Gold will continue to shine as a safe-haven asset with prices pushing above $1,300 an ounce within the next three months, according to juggernaut investment firm Goldman Sachs.
Thursday in a note to clients, Jeff Currie, global head of commodities research at the bank, said he was raising his gold price forecast for 2019 as growing recession fears continue to ripple through financial markets.
He added that central-bank gold demand, which saw strong growth throughout 2018, will continue to be a dominate theme in the marketplace.
“Going forward gold will be supported primarily by growing demand for defensive assets. The same is also true of central-bank buying, with rising geopolitical tensions incentivizing more central banks to re-enter the gold market," he said.
In its updated forecast, Goldman Sachs now sees gold prices pushing to $1,325 an ounce within three months, rising to $1,375 in six months and pushing to $1,425 an ounce by the end of the year. The new outlook is an upgrade from its previous three-month, six-month and 12-month forecasts of $1,250, $1,300, and $1,325 respectively.
Goldman’s 2019 year-end target represents a gain of nearly 10.5% for the year. Gold prices have remained stubbornly firm around its recent six-month highs. February gold futures last traded at $1,290.40 an ounce, up 0.24% on the day.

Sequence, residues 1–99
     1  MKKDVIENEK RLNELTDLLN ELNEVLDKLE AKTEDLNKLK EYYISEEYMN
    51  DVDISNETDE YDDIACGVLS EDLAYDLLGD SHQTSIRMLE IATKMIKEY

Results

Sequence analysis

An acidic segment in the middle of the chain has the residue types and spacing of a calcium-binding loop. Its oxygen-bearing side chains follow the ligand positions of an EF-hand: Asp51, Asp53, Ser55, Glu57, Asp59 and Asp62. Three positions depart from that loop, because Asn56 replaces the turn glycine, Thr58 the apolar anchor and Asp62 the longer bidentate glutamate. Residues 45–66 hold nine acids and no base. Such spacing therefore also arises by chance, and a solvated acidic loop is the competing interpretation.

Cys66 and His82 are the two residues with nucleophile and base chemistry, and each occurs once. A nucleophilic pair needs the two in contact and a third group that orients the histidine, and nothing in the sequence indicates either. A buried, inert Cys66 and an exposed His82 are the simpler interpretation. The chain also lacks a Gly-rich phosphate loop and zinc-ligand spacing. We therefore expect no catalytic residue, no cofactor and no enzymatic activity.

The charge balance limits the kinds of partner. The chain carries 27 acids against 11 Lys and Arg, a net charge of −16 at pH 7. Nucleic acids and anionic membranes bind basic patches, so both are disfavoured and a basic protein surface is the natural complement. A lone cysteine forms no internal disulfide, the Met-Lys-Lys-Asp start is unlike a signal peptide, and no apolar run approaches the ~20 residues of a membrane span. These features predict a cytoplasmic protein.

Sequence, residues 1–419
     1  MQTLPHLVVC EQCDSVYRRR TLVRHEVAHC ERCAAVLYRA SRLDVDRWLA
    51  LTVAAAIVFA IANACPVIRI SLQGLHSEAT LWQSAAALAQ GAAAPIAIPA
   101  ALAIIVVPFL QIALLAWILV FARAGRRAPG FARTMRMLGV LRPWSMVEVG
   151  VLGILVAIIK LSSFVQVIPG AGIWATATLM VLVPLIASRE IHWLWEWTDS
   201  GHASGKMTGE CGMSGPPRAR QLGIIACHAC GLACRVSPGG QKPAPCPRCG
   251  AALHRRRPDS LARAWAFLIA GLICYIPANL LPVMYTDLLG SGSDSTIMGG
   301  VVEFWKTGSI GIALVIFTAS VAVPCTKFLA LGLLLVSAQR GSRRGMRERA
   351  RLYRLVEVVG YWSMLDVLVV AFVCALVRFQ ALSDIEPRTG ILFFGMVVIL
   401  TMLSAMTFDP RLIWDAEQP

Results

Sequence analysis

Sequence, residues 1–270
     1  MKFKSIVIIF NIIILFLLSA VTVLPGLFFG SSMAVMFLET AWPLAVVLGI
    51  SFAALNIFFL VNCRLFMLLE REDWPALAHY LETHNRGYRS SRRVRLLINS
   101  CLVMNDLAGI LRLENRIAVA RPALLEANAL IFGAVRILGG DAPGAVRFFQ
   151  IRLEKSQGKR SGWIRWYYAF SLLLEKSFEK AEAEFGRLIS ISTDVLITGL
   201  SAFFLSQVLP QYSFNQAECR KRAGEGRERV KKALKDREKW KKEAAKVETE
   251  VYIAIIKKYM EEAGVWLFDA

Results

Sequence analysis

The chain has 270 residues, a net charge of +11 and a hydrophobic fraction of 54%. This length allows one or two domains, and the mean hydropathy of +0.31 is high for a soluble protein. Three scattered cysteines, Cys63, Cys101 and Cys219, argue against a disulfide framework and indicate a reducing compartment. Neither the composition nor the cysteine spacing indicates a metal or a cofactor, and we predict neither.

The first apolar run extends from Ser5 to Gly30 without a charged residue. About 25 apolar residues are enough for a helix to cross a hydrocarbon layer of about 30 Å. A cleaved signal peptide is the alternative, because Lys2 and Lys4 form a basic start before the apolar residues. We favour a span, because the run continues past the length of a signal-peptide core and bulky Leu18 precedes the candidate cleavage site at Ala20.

Currie's comments come as gold prices saw significant investor demand in the fourth quarter. Last month was a particularly strong for gold as the bank noted that equity markets saw unprecedented weakness, the worst December since 1931.
Currie also noted that data is starting to signal a growing risk of a slowdown in the U.S. economy, which will be supportive for gold.
“The last few weeks have seen a sharp deterioration in risk sentiment following soft macroeconomic data in December and renewed concerns about the future direction of growth, particularly the risk of U.S. growth catching down towards weaker economies,” he said.
Currie is also positive on gold as it looks like the Federal Reserve is ready to halt its tightening cycle. Thursday, Federal Reserve Chairman Jerome Powell reiterated his earlier stance that because of tame inflation pressures, the central bank can afford to be patient to wait and see how the U.S. economy will perform.
Currie noted that at this stage in the business cycle, gold has less to fear from further monetary policy tightening.
“We find that as the hiking cycles mature, the usual (negative) correlations between these indicators and gold starts to weaken, or even turn negative," he said. "This is because gold begins to price much more off fear of the next recession than off the opportunity cost of holding gold...”